But it goes even farther.  If the government imprisoned them for exercising a constitutional right, are they not then entitled to compensation for this wrongful imprisonment?  And the felon in possession issue, not to mention the extra 5 years for the overbroad “use and carry” in a drug case, are huge.  Will this open the door to 1983 actions across the land?  When the vision of a basic constitutional rights turns completely around, it opens the door to a breathtaking bundle of issues, each of which will implicate in some way the work of criminal defense and civil rights lawyers.

The Heller case has the potential for a seismic shift in criminal law.  Hold on to your hats.  This could be a wild ride.

12 thoughts on “More On Heller; Gun Crimes Turned Upside Down

  1. Shamalama

    The Second Amendment secures a personal right of individuals, not a collective right that may only be invoked by a State or a quasi-collective right restricted to those persons who serve in organized militia units.

    The text of the Amendment’s operative clause, setting out a “right of the people to keep and bear Arms,” is clear and is reinforced by the Constitution’s structure. The Amendment’s prefatory clause, properly understood, is fully consistent with this interpretation. The broader history of the Anglo-American right of individuals to have and use arms, from England’s Revolution of 1688-1689 to the ratification of the Second Amendment a hundred years later, leads to the same conclusion.

    No fewer than twenty-one decisions by the courts of our states have recognized an individual right to keep and bear arms, and a majority of these have not only recognized the right but invalidated laws or regulations which abridged it.

    “To preserve liberty, it is essential that the whole body of the people always possess arms, and be taught alike, especially when young, how to use them.” (Richard Henry Lee, Virginia delegate to the Continental Congress, initiator of the Declaration of Independence, and member of the first Senate, which passed the Bill of Rights.)

  2. Joel Rosenberg

    My simple rule of thumb is that it may be appropriate to restrict and individuals right to keep and bear arms in such situations where it’s appropriate to restrict other rights. A convicted and imprisoned person doesn’t have his (or her, although usually it’s a him) right to peacefully assemble in public the way that the rest of us do, or to attend religious services at the institution of his choice; even somebody on parole isn’t — appropriately, IMHO; YMMV — free to come and go as he pleases or associate with whomever he wants.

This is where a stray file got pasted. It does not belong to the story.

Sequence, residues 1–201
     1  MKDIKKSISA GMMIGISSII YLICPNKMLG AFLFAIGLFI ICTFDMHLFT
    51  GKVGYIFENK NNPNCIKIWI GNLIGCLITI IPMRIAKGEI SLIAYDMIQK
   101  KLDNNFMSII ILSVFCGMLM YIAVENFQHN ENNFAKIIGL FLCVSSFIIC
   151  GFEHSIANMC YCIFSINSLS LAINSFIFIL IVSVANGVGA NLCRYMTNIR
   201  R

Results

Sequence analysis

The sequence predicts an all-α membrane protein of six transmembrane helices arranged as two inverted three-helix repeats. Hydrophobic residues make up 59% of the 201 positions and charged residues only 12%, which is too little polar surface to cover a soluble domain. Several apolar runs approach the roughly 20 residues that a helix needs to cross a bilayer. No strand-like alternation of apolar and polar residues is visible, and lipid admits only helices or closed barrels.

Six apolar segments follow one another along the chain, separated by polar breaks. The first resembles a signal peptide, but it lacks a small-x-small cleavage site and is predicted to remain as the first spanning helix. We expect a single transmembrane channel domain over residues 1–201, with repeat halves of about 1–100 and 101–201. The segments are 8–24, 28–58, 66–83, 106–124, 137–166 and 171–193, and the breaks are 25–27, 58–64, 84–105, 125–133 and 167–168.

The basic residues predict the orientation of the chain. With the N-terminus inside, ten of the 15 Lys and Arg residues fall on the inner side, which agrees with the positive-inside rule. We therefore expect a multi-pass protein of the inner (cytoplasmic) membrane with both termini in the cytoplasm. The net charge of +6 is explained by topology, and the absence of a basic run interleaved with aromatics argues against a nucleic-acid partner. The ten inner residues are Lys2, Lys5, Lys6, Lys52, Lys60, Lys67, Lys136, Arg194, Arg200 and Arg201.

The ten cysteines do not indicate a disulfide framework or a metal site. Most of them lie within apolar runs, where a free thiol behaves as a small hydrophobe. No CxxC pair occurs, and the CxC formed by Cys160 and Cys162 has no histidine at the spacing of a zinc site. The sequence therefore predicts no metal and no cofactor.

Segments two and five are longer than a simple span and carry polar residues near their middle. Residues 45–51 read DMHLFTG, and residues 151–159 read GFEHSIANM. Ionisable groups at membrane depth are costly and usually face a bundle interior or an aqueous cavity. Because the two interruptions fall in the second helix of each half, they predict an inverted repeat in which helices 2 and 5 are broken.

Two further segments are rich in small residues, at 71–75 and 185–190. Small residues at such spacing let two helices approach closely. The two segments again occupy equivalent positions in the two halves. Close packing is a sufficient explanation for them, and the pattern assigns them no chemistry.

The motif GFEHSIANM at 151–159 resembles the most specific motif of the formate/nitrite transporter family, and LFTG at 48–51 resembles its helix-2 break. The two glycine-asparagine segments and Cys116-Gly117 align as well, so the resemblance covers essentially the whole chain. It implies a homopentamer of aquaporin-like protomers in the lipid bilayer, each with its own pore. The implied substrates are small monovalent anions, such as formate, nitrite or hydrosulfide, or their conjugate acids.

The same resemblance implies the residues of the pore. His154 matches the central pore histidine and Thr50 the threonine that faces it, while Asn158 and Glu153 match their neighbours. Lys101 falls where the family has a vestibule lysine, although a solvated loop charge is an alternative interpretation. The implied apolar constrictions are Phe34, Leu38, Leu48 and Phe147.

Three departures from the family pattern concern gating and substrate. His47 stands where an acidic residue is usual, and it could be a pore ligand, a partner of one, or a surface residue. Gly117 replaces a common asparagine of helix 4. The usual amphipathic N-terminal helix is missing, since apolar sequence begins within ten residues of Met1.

But once the sentence is over, seems to me that restrictions on fundamental rights should be over, too.

    That said, I’m not hopeful that a good decision in Heller will overturn many the thousands upon thousands of restrictions, under the law, to the RKBA, and am pretty sure that it won’t overturn much of any quickly.

    Still, it could be step in the right direction. That “gun control” laws are a bad idea and a restriction on individual liberty isn’t a new insight, after all; they were originally formulated to do just that. (I’m assuming you’ve read Clayton Cramer’s “The Racist Roots of Gun Control”; if not, you should.)

  3. SHG

    A similar effort was made yesterday by a non-lawyer commenter, who expressed his thoughts on what would be reasonable.  The problem with such expressions is that everyone has their own idea of what constitutes a reasonable outcome in the scheme of their world view, and everyone’s idea of reasonable differs slightly, if not greatly, from everyone else’s.

    The bigger problem is that constitutional jurisprudence is supposed to maintain a high level of intellectual integrity.  Yes, it doesn’t always meet that goal, but that’s the goal nonetheless.  If the Supreme Court in Heller does so, and goes far enough in its decision to flesh out a framework going forward, the ability to craft exceptions where the Constitution admits none may be a problem.  Many people, even those who are forceful advocates for individual rights under the Second Amendment, still believe that the right should not be unrestricted.  Felons, psychos, etc. should not be armed, perhaps (this is not, nor is it intended, as an exhaustive list or an example of your personal views, Joel).